HARARE – Two Zimbabwe Revenue Authority (Zimra) employees based at Mutare and Beitbridge boarder posts, who cashed in on undervaluing imported motor vehicles and swindled their employer of $200 000 collectively, appeared in court yesterday.
Moses Jemedze, 36, a revenue officer at Beitbridge Border Post and Margaret Nyahoda, 49, a supervisor at Mutare Customs and Excise appeared before Harare magistrate Tendai Mahwe.
Each of the accused persons faces three counts of “criminal abuse of duty as public officers”.
They were granted $500 bail each and remanded to June 1.
Jemedze’s duties included processing declaration forms for immigrants, inheritance, temporary import permits, physical examination of motor vehicles and other goods and import duty assessments. The court heard that on August 14, Jemedze received a bill of entry from Sithokozile Mrewa and carried out physical examination of a brand new Toyota Prado 2015 model.
Jemedze reportedly misrepresented it as a second hand and fraudulently declared value of R190 000 and assessed duty of $8 993,84.
To cover up the offence, Jemedze destroyed the importation documents and the car was subsequently seized on January 14 this year.
Enquiries with South Africa Revenue Authority proved that the actual value of the car on export to Zimbabwe was R699 900 converted to $54 344,28.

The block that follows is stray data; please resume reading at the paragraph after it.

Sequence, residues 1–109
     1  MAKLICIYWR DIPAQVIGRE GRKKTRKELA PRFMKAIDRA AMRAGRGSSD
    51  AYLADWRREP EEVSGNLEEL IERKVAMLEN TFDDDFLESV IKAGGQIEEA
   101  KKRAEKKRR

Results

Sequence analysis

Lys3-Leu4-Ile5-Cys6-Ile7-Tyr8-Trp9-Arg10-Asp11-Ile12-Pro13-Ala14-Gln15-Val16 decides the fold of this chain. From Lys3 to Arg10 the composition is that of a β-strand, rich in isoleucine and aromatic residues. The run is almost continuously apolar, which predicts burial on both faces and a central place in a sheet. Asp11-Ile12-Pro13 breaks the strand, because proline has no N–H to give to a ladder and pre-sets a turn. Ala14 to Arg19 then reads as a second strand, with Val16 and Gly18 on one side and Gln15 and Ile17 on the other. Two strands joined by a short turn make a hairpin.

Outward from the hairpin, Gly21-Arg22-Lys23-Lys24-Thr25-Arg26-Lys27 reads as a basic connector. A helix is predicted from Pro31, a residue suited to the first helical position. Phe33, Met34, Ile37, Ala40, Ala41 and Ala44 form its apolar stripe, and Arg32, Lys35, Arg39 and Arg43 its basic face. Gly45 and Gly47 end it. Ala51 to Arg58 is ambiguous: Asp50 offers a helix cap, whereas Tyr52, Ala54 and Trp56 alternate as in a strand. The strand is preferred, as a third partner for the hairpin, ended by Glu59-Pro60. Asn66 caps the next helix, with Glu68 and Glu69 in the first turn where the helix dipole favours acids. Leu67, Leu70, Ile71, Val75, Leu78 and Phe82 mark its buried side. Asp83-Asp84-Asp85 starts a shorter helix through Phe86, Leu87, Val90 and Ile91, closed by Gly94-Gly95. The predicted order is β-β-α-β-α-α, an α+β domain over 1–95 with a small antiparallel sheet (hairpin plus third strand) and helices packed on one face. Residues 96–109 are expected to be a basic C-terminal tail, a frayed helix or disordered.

Using the correct value of the motor vehicle customs duty and value added tax due to the State was $33 150,01.
The State was therefore prejudiced of $24 156,17.
According to State papers, Jemedze employed the same tactic and undervalued a Toyota Land Cruiser VX V8 2015 model and another Toyota Land Cruiser 2016 V8 VX 2016 model prejudicing the State of $34 471,69 and $20 046,40, respectively.
According to State papers Nyahoda was leading a team of five revenue officers and an office assistant when she received a bill of entry of an importer identified as Charlton Chihuri from Zimra Data Processing Centre.
Instead of instructing her subordinates to carry out physical examination of the vehicle, Nyahoda ignored to check or verify the authenticity of the documents used to clear the car and purported that the physical examination had been carried out by one G Mashiza.
It turned out that Mashiza does not exist on Zimra employee records and the flawed transaction prejudiced the State of $32 939,21.
On the second count,$ 32 825,18 was lost and $33 107,99 on the third count.
According to State papers nothing was recovered.